Yesterday I introduced the first aspect of Rene Girard’s thought. As humans, we instinctively learn through imitation. We do not merely imitate behaviors but we also imitate desire. We learn to desire the things that those around us desire. Inevitably, we’re competing over the object of that desire.
Take, for instance, two siblings. Siblings inherently compete for parental attention and love. Wherever that desire begins, we all want the love and attention of our parents and this shared desire leads to what we typically refer to as “sibling rivalry”. We want the same thing and so we compete for it, perhaps believing there isn’t enough to go around.
From an early age, our shared desires teach us to be in competition with each other. This forms a cycle of competition based on our various shared desires that is very difficult to break.
I can remember feeling in conflict with my siblings. My sister was a great athlete and I was anything but. I remember my father spending hours working with her on her pitching. I was jealous. I wanted what she got. Ultimately, my father spent all kinds of time with me doing other things and I was very lucky, but the nature of the rivalry told me that I should get not only my portion but her portion too. This makes it very difficult to be a family!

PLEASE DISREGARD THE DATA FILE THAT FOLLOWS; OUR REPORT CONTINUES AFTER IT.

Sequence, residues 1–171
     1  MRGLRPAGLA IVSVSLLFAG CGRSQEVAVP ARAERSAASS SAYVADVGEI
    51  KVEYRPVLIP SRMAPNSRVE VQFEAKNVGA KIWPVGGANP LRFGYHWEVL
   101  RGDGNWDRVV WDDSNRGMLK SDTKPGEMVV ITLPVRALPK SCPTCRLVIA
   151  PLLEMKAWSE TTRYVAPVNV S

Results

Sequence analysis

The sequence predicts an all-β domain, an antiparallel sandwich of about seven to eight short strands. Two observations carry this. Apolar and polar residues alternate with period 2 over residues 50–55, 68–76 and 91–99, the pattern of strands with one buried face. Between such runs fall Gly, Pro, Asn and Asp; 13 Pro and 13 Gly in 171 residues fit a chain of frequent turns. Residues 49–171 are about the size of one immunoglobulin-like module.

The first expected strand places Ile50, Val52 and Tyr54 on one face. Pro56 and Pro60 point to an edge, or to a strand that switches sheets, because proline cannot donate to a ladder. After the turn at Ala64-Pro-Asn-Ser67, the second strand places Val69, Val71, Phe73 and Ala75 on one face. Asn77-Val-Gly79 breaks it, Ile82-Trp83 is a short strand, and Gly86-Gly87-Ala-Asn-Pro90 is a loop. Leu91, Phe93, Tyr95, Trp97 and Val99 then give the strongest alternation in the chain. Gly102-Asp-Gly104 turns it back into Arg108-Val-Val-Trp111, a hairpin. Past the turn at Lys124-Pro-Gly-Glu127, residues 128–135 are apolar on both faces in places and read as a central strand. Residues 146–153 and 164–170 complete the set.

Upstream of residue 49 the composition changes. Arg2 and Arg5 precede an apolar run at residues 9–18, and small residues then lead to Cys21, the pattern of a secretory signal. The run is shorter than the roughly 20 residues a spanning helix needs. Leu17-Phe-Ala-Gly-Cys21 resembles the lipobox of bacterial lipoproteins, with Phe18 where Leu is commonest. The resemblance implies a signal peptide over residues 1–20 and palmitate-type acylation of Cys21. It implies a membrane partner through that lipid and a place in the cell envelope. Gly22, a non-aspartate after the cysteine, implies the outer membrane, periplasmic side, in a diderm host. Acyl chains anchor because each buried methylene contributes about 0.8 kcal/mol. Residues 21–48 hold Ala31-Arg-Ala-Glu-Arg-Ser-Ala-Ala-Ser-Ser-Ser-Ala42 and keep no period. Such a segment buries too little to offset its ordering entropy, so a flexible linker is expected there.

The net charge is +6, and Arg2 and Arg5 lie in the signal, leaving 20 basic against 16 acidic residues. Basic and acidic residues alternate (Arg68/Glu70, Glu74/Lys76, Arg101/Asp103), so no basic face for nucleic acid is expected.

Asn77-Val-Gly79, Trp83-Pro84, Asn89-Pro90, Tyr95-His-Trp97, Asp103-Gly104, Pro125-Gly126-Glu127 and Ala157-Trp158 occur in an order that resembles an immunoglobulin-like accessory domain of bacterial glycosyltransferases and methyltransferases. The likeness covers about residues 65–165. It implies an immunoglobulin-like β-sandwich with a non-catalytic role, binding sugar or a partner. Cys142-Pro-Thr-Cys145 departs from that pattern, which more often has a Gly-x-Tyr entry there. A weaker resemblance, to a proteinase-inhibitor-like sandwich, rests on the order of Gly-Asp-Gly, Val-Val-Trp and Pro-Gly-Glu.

We desired the same thing and that put us in competition. Competition in relationship rarely leads to positive things. In fact, we’re set up from an early age to hurt each other because we’re so hard wired to compete over our desires. We are learning how to be violent to each other from the first moment we have instincts. Because this is so deeply ingrained in us, it is very hard to be converted to another way of seeing or being. One that transcends competition and invites us to care for each other so that we all can benefit.
More to come tomorrow….